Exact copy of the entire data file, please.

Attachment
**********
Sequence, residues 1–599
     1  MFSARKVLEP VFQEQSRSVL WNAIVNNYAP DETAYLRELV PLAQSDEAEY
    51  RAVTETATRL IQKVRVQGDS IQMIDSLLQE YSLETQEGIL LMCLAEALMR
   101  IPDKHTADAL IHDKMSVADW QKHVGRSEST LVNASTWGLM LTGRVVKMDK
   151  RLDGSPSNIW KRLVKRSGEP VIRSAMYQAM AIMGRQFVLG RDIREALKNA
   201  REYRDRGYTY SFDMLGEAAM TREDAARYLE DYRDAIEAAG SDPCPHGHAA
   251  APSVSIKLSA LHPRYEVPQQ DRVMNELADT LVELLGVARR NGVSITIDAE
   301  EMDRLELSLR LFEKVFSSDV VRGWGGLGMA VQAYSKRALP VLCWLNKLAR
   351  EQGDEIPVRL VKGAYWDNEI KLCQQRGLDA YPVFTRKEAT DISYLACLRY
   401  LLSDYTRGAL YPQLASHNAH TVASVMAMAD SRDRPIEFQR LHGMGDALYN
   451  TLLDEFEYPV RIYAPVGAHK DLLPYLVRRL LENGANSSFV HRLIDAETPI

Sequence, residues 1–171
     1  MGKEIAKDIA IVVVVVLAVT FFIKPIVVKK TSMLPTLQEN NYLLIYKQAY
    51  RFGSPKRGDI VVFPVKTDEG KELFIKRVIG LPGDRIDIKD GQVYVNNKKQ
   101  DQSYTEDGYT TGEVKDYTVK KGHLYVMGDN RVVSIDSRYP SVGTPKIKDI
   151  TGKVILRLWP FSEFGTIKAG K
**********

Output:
Sequence, residues 1–599
     1  MFSARKVLEP VFQEQSRSVL WNAIVNNYAP DETAYLRELV PLAQSDEAEY
    51  RAVTETATRL IQKVRVQGDS IQMIDSLLQE YSLETQEGIL LMCLAEALMR
   101  IPDKHTADAL IHDKMSVADW QKHVGRSEST LVNASTWGLM LTGRVVKMDK
   151  RLDGSPSNIW KRLVKRSGEP VIRSAMYQAM AIMGRQFVLG RDIREALKNA
   201  REYRDRGYTY SFDMLGEAAM TREDAARYLE DYRDAIEAAG SDPCPHGHAA
   251  APSVSIKLSA LHPRYEVPQQ DRVMNELADT LVELLGVARR NGVSITIDAE
   301  EMDRLELSLR LFEKVFSSDV VRGWGGLGMA VQAYSKRALP VLCWLNKLAR
   351  EQGDEIPVRL VKGAYWDNEI KLCQQRGLDA YPVFTRKEAT DISYLACLRY
   401  LLSDYTRGAL YPQLASHNAH TVASVMAMAD SRDRPIEFQR LHGMGDALYN
   451  TLLDEFEYPV RIYAPVGAHK DLLPYLVRRL LENGANSSFV HRLIDAETPI

Sequence, residues 1–171
     1  MGKEIAKDIA IVVVVVLAVT FFIKPIVVKK TSMLPTLQEN NYLLIYKQAY
    51  RFGSPKRGDI VVFPVKTDEG KELFIKRVIG LPGDRIDIKD GQVYVNNKKQ
   101  DQSYTEDGYT TGEVKDYTVK KGHLYVMGDN RVVSIDSRYP SVGTPKIKDI
   151  TGKVILRLWP FSEFGTIKAG K